How to Attract – and Keep – Women in Engineering

Why Inclusion is Good for Business

While more women are graduating with college degrees than men in general, in engineering, that’s not the case. In fact, the number of women earning engineering degrees has been stagnant, staying at less than 20 percent of all degree holders. Not only that, but many women who enter the engineering profession following graduation aren’t staying in the field.

Why does that matter? In episode 7 of The OpEx Webinar, Jonna Gerken, FY17 President of the Society of Women Engineers (SWE), explained four reasons diversity is important to organizations:

  • Innovation: To be innovative, a company needs to consider the views of an entire team, and not just the perspective of a homogeneous group of individuals. Otherwise, an organization risks missing out on some great ideas.
  • Retention: A company culture that fails to include women or embrace their perspective is the top reason women leave. To retain talent, a culture that supports diversity is key.
  • Business Performance: High-functioning teams need to include all perspectives. If not, an organization won’t know, for example, whether a part will be made if a manufacturing engineer isn’t included in the design of a component. The same holds true of a women’s input.
  • Financial Performance: By including a variety of people, a company will have an operation that reflects its customers – diverse – so they can make sure the products and services will meet market needs.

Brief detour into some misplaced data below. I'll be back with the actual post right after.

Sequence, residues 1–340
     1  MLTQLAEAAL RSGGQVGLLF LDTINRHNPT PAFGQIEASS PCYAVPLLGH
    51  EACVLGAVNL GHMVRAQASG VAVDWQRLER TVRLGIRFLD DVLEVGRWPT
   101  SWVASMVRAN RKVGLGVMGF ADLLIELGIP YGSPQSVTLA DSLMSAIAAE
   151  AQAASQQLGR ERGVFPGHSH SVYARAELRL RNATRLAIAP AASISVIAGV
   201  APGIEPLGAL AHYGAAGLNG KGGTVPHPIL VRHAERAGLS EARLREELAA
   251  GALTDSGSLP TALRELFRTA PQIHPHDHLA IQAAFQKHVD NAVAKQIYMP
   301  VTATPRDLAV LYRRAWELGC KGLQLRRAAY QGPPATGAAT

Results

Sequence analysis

So what can companies do to help boost diversity? Jonna suggest a comprehensive approach consisting of four steps:

  • Training and Education: Teaching employees and leadership the value of having diverse people work together effectively is important, whether through training or more formal education. But what’s critical is ingraining the practices in everyday work.
  • Policies: Policies are very impactful to an organization so ensure they aren’t fostering feelings of exclusion. And make sure they’re enforced consistently.
  • Employee Engagement: To understand what a company can do better, employees should be leveraged to understand what needs to be changed, for example, what policies are missing or need to be improved.
  • Role Models: Role models can have a powerful effect on individuals’ future careers so be sure the organization has women in positions that will support the next generation of engineers.


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